previous next


[13arg] How many and what varieties of meaning the particle quin has, and that it is often obscure in the earlier literature.

THE particle quin, which the grammarians call a conjunction, seems to connect sentences in various ways and with divers meanings. For it seems to have one meaning when we say, as if chiding or questioning or exhorting, quin venis? “Why don't you come?” quin legis? “Why don't you read?” or quin fugis? “Why don't you flee?”; but it has a different meaning when we affirm, for example, that “there is no doubt but that (quin) Marcus Tullius is the most eloquent of all men,” and still a third, when we add something which seems contradictory to a former statement: “Isocrates did not plead causes, not but that he thought it useful and honourable so to do.” In the last of these sentences the meaning is not very different from that which is found in the third book of Marcus Cato's Origins: 1 “these I describe last, not but that they are good and valiant peoples.” 2 Also in the second book of the Origins Marcus Cato has used this particle in a very similar manner: 3 “He did not consider it enough to have slandered him privately, without openly defaming his character.”

[p. 255] I have noted, besides, that Quadrigarius in the eighth book of his Annals has used that particle in a very obscure manner. I quote his exact words: 4 “He came to Rome; he barely succeeds in having a triumph voted.” 5 Also in the sixth book of the same writer's Annals are these words: 6 “It lacked little but that (quin) they should leave their camp and yield to the enemy.” Now I am quite well aware that someone may say off-hand that there is no difficulty in these words; for quin in both passages is used for ut, and the meaning is perfectly plain if you say: “He came to Rome; he with difficulty brought it about that a triumph should be voted”; 7 and also in the other passage, “It almost happened that they left their camp and yielded to the enemy.” Let those who are so ready find refuge in changing words which they do not understand, but let them do so with more modesty, when the occasion permits.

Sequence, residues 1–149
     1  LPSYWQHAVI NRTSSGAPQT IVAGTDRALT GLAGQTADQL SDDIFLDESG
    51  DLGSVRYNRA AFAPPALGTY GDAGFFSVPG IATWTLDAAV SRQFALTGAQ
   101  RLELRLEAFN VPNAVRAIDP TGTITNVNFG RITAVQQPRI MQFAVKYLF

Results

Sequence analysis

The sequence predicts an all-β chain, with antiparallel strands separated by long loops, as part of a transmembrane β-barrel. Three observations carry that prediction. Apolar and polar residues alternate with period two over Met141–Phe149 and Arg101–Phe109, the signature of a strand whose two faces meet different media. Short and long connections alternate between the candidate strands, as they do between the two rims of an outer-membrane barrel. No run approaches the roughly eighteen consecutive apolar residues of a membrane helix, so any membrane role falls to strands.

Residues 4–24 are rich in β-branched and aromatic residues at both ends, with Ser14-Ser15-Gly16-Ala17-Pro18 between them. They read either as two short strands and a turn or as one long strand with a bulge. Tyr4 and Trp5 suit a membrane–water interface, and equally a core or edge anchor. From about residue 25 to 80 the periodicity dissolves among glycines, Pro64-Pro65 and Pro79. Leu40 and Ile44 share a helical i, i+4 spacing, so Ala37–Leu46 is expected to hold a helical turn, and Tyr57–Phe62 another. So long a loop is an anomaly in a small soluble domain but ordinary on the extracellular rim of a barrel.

Only one who has learned that this particle of which we are speaking is a compound and formed of two parts, and that it does not merely have the function of a connective but has a definite meaning of its own, 8 will ever understand its variations in meaning. But because an explanation of these would require a long dissertation, he who has leisure may find it in the Commentaries of Publius Nigidius which he entitled Grammatical. 9

[p. 257]

1 Frag. 73, Peter2.

2 This rather difficult example I do not find in our grammars.

3 Id. 36.

4 Frag. 70, Peter2.

5 Quin = “why not”; see note 4 below.

6 Id. 58.

7 This translation, which Gellius rightly rejects, neglects the negative in quin. Both examples from Quadrigarius might be explained as dubitative questions in the paratactic form; e.g. “Why should not a triumph be granted him?”

8 quin is formed from qui, the ablative of the interrogative and relative stem qui-, and -ne, “not.” It is used in both dependent and independent sentences. See Lane, Lat. Gr.2 1980 ff.

9 Frag. 52, Swoboda.

Creative Commons License
This work is licensed under a Creative Commons Attribution-ShareAlike 3.0 United States License.

An XML version of this text is available for download, with the additional restriction that you offer Perseus any modifications you make. Perseus provides credit for all accepted changes, storing new additions in a versioning system.

load focus Introduction (John C. Rolfe, 1927)
load focus Latin (John C. Rolfe, 1927)
hide References (2 total)
  • Cross-references to this page (2):
    • A Dictionary of Greek and Roman Antiquities (1890), VIA´TICUM
    • Dictionary of Greek and Roman Geography (1854), ANTI´CYRA
hide Display Preferences
Greek Display:
Arabic Display:
View by Default:
Browse Bar: